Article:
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Kalighat Paintings and Art Collection

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Buy Babu Biwi Kalighat Painting by Bhaskar Chitrakar
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Shop Babu and the Tram in Kalighat by Bhaskar Chitrakar
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Shop Musicians in Kalighat by Uttam Chitrakar

Musicians in Kalighat by Uttam Chitrakar

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Uttam Chitrakar blue-tick

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Shop Serene Ramayana (Rama, Sita and Laxman) in Kalighat by Hasir Chitrakar
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Shop Shiva and Parvati with Ganesha (Shiv Parivaar) in Kalighat by Hasir Chitrakar
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Shop Goddess Lakshmi seated on owl in Kalighat by Hasir Chitrakar
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Shop Krishna and Radha in Kalighat by Hasir Chitrakar
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Shop  Romantic embrace In Kalighat by Uttam Chitrakar
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About Kalighat

Kalighat painting is a traditional art form that flourished in the vicinity of the Kalighat Kali Temple in Kolkata, India, during the 19th century. It is characterized by its bold lines, vibrant colors, minimal background details, and distinctive style. Jamini Roy was one of the artists greatly influenced by this style. Moreover, the themes of the Kalighat painting range from religious stories to social satires. Goddess Kali, Babu & Bibi, and Cat with the Fish are some of the well-known illustrations in this craft.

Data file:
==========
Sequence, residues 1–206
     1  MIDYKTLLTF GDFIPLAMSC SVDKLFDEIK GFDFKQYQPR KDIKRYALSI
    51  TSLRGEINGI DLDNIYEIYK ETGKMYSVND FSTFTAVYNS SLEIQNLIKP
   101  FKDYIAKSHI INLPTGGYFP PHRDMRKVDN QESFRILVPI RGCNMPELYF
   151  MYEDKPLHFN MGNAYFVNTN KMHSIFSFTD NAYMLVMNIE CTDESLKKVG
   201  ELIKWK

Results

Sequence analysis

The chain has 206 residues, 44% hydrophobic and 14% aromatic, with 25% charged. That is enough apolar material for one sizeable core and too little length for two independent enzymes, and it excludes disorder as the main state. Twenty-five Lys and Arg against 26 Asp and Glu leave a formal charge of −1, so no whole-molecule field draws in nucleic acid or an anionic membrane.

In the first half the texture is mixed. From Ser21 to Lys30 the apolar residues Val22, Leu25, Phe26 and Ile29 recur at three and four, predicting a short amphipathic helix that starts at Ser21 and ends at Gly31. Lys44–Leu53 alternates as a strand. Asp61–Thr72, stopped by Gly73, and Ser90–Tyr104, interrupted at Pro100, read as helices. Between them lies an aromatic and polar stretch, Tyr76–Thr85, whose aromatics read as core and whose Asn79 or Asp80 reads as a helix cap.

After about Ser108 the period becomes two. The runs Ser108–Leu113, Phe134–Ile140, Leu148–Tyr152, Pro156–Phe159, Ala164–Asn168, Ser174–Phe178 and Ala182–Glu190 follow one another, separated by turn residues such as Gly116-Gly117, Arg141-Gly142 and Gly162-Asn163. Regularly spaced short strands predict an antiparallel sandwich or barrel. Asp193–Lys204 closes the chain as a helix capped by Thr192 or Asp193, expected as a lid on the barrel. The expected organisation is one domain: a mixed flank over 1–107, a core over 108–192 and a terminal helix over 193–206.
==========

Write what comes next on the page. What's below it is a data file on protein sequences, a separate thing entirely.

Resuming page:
History and Legend

Kalighat painting began as a form of devotional art inspired by the pilgrimage to the Kalighat Temple. Pilgrims sought souvenirs to reminisce about their visits, leading to the creation of budget-friendly, portable artworks. Over time, these paintings evolved into a distinct style, reflecting the cultural and religious ethos of the region.

Methods and Techniques

Kalighat paintings are known for their simplicity and spontaneity, created using natural pigments on paper or cloth. The artists, known as 'patuas' or 'kalighat painters,' often worked in groups with shared responsibilities of mixing dyes, drawing lines, or filing up the colors. In the search for income, these craftsmen catered to British patrons at one point, incorporating elements of European realism and secular subjects into their craft. The secular subjects like English sahibs riding elephants, wealthy Calcutta babus (liberalists), and fraud sadhus (holy men) succumbing to base desires reflect the social concerns of that period.

Decline and Revival

The art form of Kalighat declined due to the advent of cheaper wood prints and machine-printed alternatives by the early 20th century. However, in recent decades, efforts have been made to revive the Kalighat painting tradition by artists, government, and art connoisseurs. The combined efforts through exhibitions, and workshops have helped in showcasing the unique identity of Kalighat painting and regain its lost legacy. More here on our blog.

 

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